View Full Version here: : Best 3-eyepiece set for 8" dob?
27-10-2010, 01:11 PM
I've decided I want to think long-term about building my eyepiece collection....After 6 months of getting to know both my telescope and my personal preferences for observing, I've reached the following conclusions:
1. I am very happy with the dobsonian, and I can see some beautiful things with the 8". The only change I can see myself making here is perhaps getting (or maybe even building) something larger, but this is down the track...
2. I enjoy looking at the planets, but I have a greater interest in exploring DSO's.
3. I've done some modifications to my scope, an 8" F6 collapsible Skywatcher, so collimation is now much easier. I've also got the Catseye gear, and the difference is startling....so, I'm now beginning to understand how much enjoyment good gear can add...
So, with this is mind, I've researched and come up with the following list of eyepieces. I don't want a huge collection, and premium eyepieces are expensive, so I've decided to try and restrict myself to 3. I'd be interested to know what people think of my choices, and would really appreciate any feedback/suggestions...
1. 24mm Panoptic
2. 16mm Nagler T5
3. 10mm Pentax
I currently own a Meade 2x Telextender, which I believe performs the same as a T.V. Powermate
I'm also hoping these eyepieces will be suitable should I eventually move on to a larger scope...(up to 16".....dream on...)
Thanks for reading my thread...
27-10-2010, 01:45 PM
I salute your choice to take time to know your scope and to go for quality eyepieces. I do have a couple of thoughts. Firstly, assuming your scope is fl 1200, the nagler 16 will give you a TFOV of 1.1 degree and the panoptic 24 will give you 1.3. These may be a little close. I sold my 24mm pan when I got my 17mm nagler as they were just too close. Also you mkay not want much more than one degree for a wide field ep, so you might be able to do without the Pan, lovely eyepiece though it is. The other thought is that some people (myself included and I don't wear glasses for observing) find the eye relief on the 16 mm type 6 Nagler a little tight. Others don't mind. I also found it a bit harder to get the eye position right on the 16. I bought the 17mm type 4 Nagler instead and really like it. At Vicsouth last year I got to compare the 2 in my f4.9 scope and was very pleased that I got the 17mm and didn't like the 16 nearly as much. However when we compared them in Tim Nott's f3.6 22" scope, the 16 mm type 6 performed better - there was a bit more astigmatism in the 17 mm using the faster scope. So this might be an issue if you upgrade. But then, if you find the 17 mm doesn't cut it, you would have no problem selling it on IIS I suspect. For the loss of $75-$100 you might have some years of more pleasurable observing.
Sooo... I wonder if it might be worth going for the 17mm Nagler, the 10 mm Pentax and then seeing whether or not you need a wider field eyepiece. You might save about $300. Only thing is you have a 2" ep instead of all 1 1/2" but you just leave the adapter on the 10mm while observing and no problems.
Again, you may be quiet happy with the 16 mm type 6 as many people are, but i would suggest looking through one before you buy.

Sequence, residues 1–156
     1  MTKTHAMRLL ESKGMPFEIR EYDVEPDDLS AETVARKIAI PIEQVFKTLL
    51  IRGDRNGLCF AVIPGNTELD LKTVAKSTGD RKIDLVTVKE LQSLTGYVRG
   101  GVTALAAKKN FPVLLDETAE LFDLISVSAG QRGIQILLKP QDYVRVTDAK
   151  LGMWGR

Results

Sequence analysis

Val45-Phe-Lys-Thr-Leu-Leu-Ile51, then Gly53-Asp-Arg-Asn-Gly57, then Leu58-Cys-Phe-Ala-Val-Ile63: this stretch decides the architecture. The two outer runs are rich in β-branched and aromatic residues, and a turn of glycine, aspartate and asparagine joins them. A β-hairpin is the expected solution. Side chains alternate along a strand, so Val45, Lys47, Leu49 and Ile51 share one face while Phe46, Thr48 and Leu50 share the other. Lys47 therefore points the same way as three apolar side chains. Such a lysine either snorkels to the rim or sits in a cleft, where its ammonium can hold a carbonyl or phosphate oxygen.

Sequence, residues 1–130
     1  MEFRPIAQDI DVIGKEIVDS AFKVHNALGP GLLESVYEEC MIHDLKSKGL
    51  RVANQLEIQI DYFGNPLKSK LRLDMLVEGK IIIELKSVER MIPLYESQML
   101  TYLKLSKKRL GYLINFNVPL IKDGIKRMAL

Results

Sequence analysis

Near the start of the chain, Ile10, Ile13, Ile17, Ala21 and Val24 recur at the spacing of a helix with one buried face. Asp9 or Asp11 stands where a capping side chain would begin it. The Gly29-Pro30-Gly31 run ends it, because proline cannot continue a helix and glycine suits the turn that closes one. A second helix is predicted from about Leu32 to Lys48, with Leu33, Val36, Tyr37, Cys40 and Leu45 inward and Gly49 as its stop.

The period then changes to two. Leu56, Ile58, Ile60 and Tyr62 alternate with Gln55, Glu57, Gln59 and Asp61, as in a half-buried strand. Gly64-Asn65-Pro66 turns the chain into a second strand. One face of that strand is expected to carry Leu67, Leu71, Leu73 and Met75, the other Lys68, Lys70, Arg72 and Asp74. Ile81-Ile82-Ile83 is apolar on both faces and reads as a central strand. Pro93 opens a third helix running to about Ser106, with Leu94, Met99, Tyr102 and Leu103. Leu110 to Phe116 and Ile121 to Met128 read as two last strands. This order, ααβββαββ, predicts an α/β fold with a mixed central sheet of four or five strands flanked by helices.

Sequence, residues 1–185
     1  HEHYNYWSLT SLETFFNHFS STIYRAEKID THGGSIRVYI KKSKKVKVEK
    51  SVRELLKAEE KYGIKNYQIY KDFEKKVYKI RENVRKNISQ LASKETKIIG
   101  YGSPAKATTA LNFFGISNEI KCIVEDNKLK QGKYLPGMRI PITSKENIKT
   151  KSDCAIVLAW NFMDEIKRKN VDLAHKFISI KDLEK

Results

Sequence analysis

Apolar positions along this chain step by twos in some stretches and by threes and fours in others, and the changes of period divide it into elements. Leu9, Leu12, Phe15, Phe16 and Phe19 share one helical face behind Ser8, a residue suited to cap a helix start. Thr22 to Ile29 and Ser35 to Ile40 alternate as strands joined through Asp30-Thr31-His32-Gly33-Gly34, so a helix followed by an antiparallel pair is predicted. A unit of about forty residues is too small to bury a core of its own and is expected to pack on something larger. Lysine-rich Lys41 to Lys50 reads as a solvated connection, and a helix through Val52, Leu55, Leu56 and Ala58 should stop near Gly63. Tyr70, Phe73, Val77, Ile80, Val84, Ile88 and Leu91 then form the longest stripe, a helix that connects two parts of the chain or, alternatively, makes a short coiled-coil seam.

27-10-2010, 02:14 PM
Thanks for the thoughtful reply Patrick...
Yes, it's a 1200mm focal length dob..and maybe I should clarify a bit - when I said DSO I meant globs, open clusters, nebulae etc as well as galaxies....
It's a very good point about the TFOV, and now I'm wondering exactly how wide a TFOV I need....I was thinking the 24 Panoptic would cover all the wide field needs.
I chose the 16mm T5 because I read in a post (from 2005!) by Dave47Tuc (#15 http://www.iceinspace.com.au/forum/showthread.php?t=1209) that 2-2.5mm exit pupil is desirable for best contrast and brightness in DSO. The 16mm T5 would give me an exit pupil of 2.7mm...But your point about eye relief is something that I had considered as well, and maybe I should think a bit more about this one....The 17mm does sound very good....
Another point I was considering was that with my 2x telextender (1.25") the 16 becomes an 8, but this might be a bit unnecessary with the Pentax 10mm.....
hmmm, food for thought....
27-10-2010, 03:46 PM
I would suspect that 8mm and 10 mm are so close that you wouldn't notice the difference. The 2X with the pentax would give you a nice high power set up. My personal experience is that 1 degree FOV is plenty for a wide field eyepiece.
Anyway, I'll be very interested to hear what other thoughts people have as there are many on this forum that have a much more extensive knowledge and experience with eyepieces than myself and I'm sure you'll get more opinions.
27-10-2010, 05:04 PM
There isn't much between a 16mm and a 17mm eyepiece in terms of exit pupil. On an f/6 scope they're 2.7mm and 2.8mm respectively, so I wouldn't worry about that too much.
27-10-2010, 05:16 PM
So, am I right to think that the 17mm Nagler will give me a view with more contrast compared to the 24mm Panoptic, at the expense of 0.2º TFOV?
I suppose another question is how significant is the difference between 1.1º and 1.3º TFOV? This is something I just don't have the experience to know...
27-10-2010, 06:48 PM
And yet another question could be, why are Tele Vue still making the 24mm Panoptic instead of advising customers to just get the 17mm Nagler? It surely can't be the $100 price difference (peanuts by Tele Vue standards)… :evil2:
27-10-2010, 07:45 PM
Thats an odd question :) eg . With an F5 scope the only way to get a nice bright 5 mm pupil is with a 24mm eyepiece - a 3.4 mm pupil ( ie with a 17mm ) just doesn't shine for some objects -and apparent field is a matter of personal taste.
27-10-2010, 08:13 PM
Now I'm geting a little confused....:confused2:
I'm not sure how exit pupil affects what is actually seen through the eyepiece. On my f6 dob, the following would apply.....